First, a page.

That's the situation we're in. We're going to a place where on paper we certainly should win the match, but we are not playing it on paper. That's sort of the beauty of Davis Cup. You get thrown into these environments and depending -- with the depth in the men's game and different services, et cetera, a lot of things can happen.

Q. The fact that the second round site has already been announced, how bold a move is that, in your opinion?
PATRICK McENROE: Well, we haven't -- we're obviously well aware that we need to take care of the first round; but I think from a logistics standpoint, it's helpful to everyone to know when you have such -- you know, one of the real challenges of Davis Cup is the incredibly quick turnaround. So I think setting up a place -- most of the time that's done any way. But I think it was just announced in your neck of the country just to help out with promoting the event, which I think is one of the challenges of Davis Cup.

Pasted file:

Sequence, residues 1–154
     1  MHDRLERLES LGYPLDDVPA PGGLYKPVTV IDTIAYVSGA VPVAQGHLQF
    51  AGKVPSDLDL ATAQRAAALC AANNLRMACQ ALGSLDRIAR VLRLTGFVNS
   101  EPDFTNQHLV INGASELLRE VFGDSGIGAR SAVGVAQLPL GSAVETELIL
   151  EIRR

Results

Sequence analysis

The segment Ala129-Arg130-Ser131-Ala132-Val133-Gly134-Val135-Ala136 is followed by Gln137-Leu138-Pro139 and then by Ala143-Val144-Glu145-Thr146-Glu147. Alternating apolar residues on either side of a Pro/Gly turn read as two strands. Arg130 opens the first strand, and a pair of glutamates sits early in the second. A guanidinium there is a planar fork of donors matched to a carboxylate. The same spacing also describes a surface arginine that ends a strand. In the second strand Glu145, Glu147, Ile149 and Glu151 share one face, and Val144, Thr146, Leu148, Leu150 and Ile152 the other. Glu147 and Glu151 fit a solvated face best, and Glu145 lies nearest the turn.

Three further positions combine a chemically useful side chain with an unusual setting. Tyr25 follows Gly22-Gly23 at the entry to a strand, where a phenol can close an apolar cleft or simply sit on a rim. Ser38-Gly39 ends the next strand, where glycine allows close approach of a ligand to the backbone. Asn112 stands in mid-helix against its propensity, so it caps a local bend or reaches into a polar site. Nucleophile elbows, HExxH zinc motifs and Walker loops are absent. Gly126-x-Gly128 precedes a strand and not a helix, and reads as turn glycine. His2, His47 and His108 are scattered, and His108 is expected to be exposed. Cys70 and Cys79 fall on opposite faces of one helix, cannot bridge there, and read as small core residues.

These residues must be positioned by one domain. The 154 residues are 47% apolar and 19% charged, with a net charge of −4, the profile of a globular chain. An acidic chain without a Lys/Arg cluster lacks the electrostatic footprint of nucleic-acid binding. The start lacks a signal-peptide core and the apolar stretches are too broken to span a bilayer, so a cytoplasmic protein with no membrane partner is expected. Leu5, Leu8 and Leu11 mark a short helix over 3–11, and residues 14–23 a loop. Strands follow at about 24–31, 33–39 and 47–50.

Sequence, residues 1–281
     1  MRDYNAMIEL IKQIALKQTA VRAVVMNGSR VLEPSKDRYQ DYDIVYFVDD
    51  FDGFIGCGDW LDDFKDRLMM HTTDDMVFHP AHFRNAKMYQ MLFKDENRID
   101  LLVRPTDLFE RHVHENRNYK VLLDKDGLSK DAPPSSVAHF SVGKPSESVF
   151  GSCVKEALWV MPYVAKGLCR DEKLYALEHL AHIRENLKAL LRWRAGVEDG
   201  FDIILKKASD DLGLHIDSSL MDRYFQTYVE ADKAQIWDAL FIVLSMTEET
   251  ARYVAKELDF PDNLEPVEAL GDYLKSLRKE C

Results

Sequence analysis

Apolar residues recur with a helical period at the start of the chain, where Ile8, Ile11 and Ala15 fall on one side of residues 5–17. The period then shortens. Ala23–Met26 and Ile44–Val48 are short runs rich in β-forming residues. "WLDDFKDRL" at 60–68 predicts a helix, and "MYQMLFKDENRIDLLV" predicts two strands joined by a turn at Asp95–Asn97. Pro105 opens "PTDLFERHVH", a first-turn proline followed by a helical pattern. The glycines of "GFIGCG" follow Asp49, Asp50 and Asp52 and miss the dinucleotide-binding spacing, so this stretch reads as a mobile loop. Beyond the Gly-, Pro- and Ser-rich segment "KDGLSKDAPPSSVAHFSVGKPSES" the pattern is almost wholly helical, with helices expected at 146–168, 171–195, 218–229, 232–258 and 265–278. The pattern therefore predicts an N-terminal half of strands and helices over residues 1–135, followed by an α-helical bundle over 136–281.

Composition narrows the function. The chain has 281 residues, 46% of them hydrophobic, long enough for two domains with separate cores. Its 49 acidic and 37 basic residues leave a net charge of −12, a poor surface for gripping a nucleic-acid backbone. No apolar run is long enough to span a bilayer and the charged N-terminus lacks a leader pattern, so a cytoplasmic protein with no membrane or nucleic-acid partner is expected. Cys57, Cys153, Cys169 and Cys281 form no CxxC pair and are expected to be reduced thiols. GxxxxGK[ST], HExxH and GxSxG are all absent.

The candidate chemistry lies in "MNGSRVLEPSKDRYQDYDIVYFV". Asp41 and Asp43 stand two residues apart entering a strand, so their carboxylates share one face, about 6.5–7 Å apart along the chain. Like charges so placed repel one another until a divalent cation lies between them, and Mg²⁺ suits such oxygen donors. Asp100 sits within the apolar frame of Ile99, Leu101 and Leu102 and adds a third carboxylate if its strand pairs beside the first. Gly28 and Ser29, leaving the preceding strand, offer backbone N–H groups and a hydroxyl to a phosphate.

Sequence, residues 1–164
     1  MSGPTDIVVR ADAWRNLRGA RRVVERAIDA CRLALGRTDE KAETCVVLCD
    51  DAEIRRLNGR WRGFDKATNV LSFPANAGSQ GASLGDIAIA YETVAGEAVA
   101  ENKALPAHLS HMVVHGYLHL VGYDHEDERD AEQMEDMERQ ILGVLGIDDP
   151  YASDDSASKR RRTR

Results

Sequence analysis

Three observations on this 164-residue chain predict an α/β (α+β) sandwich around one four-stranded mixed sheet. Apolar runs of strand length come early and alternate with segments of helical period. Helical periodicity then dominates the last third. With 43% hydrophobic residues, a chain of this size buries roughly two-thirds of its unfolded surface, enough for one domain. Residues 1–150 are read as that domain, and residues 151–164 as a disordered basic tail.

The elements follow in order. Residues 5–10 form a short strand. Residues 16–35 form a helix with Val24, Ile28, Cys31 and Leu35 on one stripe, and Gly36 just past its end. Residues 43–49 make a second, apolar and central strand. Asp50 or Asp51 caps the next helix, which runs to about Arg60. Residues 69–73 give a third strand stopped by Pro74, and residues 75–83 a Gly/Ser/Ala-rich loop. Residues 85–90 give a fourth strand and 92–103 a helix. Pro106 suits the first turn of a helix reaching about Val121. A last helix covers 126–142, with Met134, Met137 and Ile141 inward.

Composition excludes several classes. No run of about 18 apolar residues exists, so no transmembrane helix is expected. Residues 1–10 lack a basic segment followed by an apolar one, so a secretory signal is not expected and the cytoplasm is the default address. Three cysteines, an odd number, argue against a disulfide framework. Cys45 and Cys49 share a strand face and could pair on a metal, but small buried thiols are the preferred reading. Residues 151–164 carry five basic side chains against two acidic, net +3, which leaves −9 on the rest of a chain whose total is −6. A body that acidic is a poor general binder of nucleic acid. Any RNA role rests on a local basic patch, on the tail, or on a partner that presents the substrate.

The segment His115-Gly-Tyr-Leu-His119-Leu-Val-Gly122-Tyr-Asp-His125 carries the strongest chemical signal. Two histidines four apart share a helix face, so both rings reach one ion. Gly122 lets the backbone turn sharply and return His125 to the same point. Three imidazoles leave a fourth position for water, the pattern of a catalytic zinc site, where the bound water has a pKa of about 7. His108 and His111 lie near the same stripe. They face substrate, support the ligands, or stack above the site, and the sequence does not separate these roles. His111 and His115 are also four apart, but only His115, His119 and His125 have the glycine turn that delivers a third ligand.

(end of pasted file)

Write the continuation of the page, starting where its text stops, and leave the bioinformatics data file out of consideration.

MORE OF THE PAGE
So I think if you can do that in the right circumstances -- we all know we need to win the first round. And it is sort of irrelevant to how we do in the first round.
I will say if we do get through the first round, then all the guys are very much looking forward to going back there. As you remember, of course, the last time we played there was my first tie as a captain at home and who did we have playing singles but Roddick and Blake. They have grown up quite a bit in the years, and I'm sure they would love to come back there again.